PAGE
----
I think he understood pretty clearly that, when you're the president of the United States, you'll end up punching down unless you're very, very careful. He didn't believe in doing that. So whether that was throwing in a little self-deprecating humor before doing some truth-telling about some people we felt deserved it, or, sometimes, going after bullies. That's one thing that President Obama consistently did, whether it was through a joke, or through policy, or through an off-the-cuff remark or a big speech. I think over the course of his career you see a person who really can't stand it when people are taking advantage of the less powerful. So that was an exception. But I think he understood that, if you're the president, and you're trying to punch up with your humor, that's a challenge. It's something he was aware of.
There's a scene from the 2012 Al Smith dinner that highlights that point, I think. You describe Obama's reticence to aggressively roast Romney in public, and refer to this thinking as "playing the long game." Is there ever a time for outrageous, potentially offensive comedy?
I think different political moments call for different political tones. I do think that's something that just about every good president is capable of doing, of switching between attitudes. Because the audience is different, the moment is different. And I will say that, when it comes to a presidential speech, not a joke, I always think about these as a means, not an end. So you start with the outcome that you're hoping to achieve and work backwards. If we had a major joke that would get a big laugh but would jeopardize something important, then we wouldn't use it in the speech.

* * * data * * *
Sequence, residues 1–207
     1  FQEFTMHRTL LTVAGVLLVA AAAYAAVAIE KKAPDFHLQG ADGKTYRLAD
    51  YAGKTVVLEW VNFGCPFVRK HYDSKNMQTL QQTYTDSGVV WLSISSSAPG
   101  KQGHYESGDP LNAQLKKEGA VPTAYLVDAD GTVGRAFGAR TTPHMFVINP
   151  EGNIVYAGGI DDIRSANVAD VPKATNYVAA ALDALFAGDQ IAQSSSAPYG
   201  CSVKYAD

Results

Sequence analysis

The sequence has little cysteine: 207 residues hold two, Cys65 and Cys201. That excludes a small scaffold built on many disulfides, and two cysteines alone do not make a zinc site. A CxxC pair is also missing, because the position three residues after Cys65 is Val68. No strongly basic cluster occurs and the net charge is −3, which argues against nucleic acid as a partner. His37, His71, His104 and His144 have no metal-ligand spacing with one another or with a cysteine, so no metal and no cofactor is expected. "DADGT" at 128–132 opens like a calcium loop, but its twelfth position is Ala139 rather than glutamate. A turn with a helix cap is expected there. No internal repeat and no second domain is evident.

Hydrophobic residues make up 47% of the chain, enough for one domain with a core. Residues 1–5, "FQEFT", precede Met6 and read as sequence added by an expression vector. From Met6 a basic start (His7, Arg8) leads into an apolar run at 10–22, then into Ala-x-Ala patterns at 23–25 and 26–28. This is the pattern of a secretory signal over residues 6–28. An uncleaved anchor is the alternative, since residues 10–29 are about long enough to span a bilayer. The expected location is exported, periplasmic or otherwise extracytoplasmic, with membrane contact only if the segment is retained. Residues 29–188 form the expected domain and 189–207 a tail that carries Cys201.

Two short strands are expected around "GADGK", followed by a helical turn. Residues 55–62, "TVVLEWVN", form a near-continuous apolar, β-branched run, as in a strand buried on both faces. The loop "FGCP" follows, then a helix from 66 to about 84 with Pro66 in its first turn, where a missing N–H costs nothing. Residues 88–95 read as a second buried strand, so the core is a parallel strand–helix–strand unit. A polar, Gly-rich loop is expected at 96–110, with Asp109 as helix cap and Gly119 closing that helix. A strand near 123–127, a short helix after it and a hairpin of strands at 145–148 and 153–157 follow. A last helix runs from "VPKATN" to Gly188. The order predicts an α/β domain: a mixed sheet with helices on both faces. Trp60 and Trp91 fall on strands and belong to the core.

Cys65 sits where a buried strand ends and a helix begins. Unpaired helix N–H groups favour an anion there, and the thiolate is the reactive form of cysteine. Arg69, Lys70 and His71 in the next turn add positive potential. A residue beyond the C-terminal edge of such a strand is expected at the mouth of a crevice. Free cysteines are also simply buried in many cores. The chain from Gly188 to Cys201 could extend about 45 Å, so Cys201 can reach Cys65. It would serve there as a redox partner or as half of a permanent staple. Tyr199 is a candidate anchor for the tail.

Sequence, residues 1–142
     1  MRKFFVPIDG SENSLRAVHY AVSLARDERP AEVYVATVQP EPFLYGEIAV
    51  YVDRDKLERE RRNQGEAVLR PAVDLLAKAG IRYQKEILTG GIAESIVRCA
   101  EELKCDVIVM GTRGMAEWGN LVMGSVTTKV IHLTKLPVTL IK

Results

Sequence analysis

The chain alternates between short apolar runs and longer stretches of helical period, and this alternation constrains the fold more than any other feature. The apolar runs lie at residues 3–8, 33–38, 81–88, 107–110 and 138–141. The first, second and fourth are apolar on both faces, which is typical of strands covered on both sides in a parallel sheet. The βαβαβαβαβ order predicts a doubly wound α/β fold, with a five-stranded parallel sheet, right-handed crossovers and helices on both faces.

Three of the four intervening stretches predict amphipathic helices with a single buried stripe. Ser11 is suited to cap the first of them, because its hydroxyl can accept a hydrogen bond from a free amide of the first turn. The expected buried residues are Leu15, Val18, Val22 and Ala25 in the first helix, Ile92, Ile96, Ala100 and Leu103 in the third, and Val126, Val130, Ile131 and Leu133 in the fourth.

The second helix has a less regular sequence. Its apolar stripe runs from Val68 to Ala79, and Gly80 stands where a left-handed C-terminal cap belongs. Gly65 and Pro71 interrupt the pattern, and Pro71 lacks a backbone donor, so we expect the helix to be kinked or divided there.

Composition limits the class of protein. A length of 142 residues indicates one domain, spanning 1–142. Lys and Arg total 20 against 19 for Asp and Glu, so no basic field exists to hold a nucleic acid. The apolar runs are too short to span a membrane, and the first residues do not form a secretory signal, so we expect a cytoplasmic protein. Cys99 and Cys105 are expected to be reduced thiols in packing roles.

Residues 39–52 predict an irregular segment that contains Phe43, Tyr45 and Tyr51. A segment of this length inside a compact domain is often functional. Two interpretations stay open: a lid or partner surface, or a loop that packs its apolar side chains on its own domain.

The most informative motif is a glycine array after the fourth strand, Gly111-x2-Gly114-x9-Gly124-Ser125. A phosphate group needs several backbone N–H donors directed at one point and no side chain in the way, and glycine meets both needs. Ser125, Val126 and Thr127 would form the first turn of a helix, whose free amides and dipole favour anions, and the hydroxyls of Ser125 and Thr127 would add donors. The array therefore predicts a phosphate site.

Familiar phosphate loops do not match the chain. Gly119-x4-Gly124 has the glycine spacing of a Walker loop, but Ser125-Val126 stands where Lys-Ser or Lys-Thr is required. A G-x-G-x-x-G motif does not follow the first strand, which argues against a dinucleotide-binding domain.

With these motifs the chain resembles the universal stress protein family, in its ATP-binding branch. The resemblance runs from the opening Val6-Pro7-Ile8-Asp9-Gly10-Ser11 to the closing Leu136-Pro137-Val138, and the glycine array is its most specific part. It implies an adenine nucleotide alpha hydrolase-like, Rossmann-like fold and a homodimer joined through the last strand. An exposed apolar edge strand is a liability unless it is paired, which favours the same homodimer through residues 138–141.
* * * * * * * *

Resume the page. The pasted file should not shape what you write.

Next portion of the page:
I talk about writing a joke [for the 2011 White House Correspondents' Dinner] that includes Osama bin Laden in the punchline, and seeing bin Laden get cut [from the monologue], and then the next day the bin Laden raid happened. And I suddenly had that moment when I realized exactly how careful you have to be when you're writing a president's jokes.
Is there a joke of yours that never made it into one of Obama's speeches that you still vociferously defend?
So ... yes. It would have been for the 2015 White House Correspondents' Dinner. The joke was: Washington just legalized marijuana and already we're seeing the results. For example, Rand Paul just delivered a 13-hour filibuster on whether or not the Taco Bell is still open.
President Obama did not get that joke, and, to be fair, most of the people I talk to don't think it's particularly funny. But I'm privately convinced that it's actually really funny, even if nobody believes me.
This interview has been edited for clarity and length.